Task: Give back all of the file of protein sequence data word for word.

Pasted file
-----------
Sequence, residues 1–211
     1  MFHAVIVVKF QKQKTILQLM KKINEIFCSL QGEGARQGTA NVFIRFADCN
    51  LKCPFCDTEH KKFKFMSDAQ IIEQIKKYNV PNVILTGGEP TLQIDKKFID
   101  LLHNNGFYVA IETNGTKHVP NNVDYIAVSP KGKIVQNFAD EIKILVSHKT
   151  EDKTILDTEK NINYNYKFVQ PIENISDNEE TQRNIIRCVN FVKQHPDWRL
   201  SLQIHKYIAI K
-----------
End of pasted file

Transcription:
Sequence, residues 1–211
     1  MFHAVIVVKF QKQKTILQLM KKINEIFCSL QGEGARQGTA NVFIRFADCN
    51  LKCPFCDTEH KKFKFMSDAQ IIEQIKKYNV PNVILTGGEP TLQIDKKFID
   101  LLHNNGFYVA IETNGTKHVP NNVDYIAVSP KGKIVQNFAD EIKILVSHKT
   151  EDKTILDTEK NINYNYKFVQ PIENISDNEE TQRNIIRCVN FVKQHPDWRL
   201  SLQIHKYIAI K